Sarah Michelle Geller as Buffy successfully plays Buffy as both an exuberant and cheerful teenager and as a determined woman willing to risk everything for what she thinks is right. Buffy’s main conflict throughout is balancing the duties of being a Slayer with attempting to live a normal life. The dichotomy is explored often, but perhaps most directly in Never Kill a Boy on the First Date, where Buffy attempts to coordinate dating Christopher Wiehl’s Owen with not being slaughtered by a newly risen vampire, the Anointed One. The episode’s amusing, and laden with Whedon’s standard wit, but this is one of several cases where humor deflates the scene of tension. That being said, the concluding lines are excellent. After glimpsing the “excitement” of Buffy’s life, Owen tries to join her as a daredevil accomplice. Buffy turns him down, drawing a line between her and the rest of her age group. She may be young, but she’s mature enough to realize the seriousness of her situation.

David Boreanaz plays Angel, the vampire that Buffy – surprise! – ends up falling in love with. It’s difficult to view this with anything but gut wrenching terror in our post-Twilight world. Whedon can’t really be blamed for later abominations, though, and Angel is, so far, an interesting character in his own right, an enjoyable mixture of aloof mystery and humanity. At the close of the season, it still remains to be seen whether his relationship with Buffy will grow into something interesting or merely cringe worthy. Hope can be found in the fact that the show is aware how close such a love story dwells to the melodramatic. As one character remarks: A vampire in love with a slayer. It's rather poetic...in a maudlin sort of way. (Out of Mind, Out of Sight)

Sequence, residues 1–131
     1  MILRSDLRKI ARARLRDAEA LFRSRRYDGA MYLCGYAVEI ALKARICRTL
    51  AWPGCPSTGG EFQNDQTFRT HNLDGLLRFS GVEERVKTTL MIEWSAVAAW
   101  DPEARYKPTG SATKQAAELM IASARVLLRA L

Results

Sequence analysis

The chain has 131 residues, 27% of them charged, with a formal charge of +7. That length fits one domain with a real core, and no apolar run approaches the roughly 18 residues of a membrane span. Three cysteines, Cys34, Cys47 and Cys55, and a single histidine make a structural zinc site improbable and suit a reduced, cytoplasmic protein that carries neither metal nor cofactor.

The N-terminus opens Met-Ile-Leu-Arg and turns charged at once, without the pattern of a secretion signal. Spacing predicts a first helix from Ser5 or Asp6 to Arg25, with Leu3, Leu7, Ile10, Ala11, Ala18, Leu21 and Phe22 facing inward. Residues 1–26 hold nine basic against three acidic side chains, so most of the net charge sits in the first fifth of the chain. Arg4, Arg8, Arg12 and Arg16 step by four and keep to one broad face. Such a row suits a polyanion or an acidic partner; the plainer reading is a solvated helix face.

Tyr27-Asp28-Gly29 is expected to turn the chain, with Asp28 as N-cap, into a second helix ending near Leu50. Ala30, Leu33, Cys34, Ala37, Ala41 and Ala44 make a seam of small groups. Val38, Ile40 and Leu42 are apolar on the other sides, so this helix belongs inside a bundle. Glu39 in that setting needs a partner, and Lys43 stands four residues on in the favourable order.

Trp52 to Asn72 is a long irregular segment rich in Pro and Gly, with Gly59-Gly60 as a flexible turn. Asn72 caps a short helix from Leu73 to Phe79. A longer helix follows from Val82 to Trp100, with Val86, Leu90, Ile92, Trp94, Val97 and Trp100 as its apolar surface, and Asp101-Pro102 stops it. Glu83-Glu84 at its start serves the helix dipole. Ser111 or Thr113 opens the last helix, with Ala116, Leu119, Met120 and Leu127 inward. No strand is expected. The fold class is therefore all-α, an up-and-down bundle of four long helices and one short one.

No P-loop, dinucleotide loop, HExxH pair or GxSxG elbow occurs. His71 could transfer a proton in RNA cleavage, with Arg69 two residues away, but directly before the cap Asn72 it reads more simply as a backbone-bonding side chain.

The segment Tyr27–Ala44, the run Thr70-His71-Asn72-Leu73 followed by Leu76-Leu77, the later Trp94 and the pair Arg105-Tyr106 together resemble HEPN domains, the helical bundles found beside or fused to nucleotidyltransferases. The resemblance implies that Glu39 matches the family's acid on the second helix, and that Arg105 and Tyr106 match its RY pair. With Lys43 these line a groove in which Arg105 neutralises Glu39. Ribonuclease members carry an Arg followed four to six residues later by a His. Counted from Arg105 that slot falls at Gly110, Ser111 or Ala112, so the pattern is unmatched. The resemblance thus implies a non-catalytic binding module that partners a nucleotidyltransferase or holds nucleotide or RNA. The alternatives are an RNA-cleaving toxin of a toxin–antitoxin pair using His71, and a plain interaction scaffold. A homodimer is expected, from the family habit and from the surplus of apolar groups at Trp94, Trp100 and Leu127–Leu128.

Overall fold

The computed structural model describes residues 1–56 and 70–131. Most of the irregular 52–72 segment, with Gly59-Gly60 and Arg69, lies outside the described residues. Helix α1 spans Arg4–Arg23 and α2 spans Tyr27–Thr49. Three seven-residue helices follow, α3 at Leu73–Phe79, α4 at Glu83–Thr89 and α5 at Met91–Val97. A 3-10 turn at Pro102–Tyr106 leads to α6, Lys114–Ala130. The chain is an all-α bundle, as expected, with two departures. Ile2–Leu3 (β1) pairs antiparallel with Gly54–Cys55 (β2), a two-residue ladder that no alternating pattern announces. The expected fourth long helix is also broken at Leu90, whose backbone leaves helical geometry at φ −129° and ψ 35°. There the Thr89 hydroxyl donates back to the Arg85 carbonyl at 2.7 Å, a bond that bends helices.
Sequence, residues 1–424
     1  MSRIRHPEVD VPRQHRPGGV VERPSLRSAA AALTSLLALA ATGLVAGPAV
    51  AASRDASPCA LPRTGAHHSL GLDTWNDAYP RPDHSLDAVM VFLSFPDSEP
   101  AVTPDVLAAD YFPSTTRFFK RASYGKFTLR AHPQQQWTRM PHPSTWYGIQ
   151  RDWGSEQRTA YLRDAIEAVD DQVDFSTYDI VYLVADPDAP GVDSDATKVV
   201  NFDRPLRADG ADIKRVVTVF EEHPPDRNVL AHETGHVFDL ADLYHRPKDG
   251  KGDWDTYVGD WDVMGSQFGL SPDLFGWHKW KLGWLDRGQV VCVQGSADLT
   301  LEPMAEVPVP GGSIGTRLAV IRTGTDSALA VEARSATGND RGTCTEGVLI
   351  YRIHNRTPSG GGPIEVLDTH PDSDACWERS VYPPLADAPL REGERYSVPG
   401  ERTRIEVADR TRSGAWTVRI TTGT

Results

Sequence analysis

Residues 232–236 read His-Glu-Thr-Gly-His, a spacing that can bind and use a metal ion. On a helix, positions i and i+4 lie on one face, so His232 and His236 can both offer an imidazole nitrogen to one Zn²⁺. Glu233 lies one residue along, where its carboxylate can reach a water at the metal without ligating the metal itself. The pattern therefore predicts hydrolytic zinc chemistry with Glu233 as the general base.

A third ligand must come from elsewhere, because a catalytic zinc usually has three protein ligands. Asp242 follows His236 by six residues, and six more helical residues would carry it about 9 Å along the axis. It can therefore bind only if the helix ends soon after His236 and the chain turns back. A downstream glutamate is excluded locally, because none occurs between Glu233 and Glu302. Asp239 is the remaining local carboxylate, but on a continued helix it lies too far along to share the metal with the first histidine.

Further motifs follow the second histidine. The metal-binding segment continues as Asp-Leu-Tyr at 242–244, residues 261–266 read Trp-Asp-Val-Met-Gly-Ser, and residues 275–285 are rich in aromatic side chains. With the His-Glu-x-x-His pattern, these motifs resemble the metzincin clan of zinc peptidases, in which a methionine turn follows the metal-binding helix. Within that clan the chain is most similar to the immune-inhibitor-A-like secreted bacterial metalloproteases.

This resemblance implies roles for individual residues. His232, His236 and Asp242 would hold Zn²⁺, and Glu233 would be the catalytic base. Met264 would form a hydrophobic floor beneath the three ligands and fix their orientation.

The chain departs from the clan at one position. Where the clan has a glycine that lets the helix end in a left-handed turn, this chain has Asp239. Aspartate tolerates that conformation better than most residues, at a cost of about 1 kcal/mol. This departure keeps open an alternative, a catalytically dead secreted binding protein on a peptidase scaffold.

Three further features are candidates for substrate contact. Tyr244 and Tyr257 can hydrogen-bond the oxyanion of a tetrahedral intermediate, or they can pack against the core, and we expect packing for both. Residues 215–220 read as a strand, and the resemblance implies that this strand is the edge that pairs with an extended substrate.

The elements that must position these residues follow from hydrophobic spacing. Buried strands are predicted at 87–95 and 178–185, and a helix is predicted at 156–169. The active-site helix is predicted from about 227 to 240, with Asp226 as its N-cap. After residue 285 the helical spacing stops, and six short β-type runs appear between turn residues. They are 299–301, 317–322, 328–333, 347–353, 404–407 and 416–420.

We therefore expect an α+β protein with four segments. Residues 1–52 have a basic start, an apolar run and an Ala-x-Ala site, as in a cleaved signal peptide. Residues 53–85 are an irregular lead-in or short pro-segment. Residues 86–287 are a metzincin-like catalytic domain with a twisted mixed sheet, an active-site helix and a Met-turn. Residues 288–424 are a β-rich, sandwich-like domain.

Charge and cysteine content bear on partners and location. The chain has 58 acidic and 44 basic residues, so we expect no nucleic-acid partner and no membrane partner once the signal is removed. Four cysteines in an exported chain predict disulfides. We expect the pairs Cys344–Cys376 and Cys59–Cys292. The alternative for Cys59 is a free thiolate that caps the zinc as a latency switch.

Nicholas Brendon’s Xander and Alyson Hannigan’s Willow form Buffy’s social circle, and the friendship between the three of them is warm and believable. Willow is the nerdy, computer and book focused girl, but the character is sweet, and well acted, enough to draw us in anyway. Xander is a joker who wears his Social Outcast tag proudly and loves to mock his own flaws: I laugh in the face of danger, and then I hide until it goes away. (Witch) He’s also, as comes up several times, a moderately charming mixture of sex-crazed and incompetent with the opposite sex. In the first two episodes, there was a third friend, Jesse, who’s dead by the third and never mentioned again. In fact, the inhabitants of Sunnydale – and of the high school in particular – have an incredible gift at moving on. In every school I’ve been in or heard of, a death would be a fairly major event, but here we’ve forgotten about serial murders on campus by the next day. Of course, forgetfulness is needed for the show’s mélange of monsters to work – or everyone would have caught on after the first mass murder – but it does remain somewhat disconcerting throughout.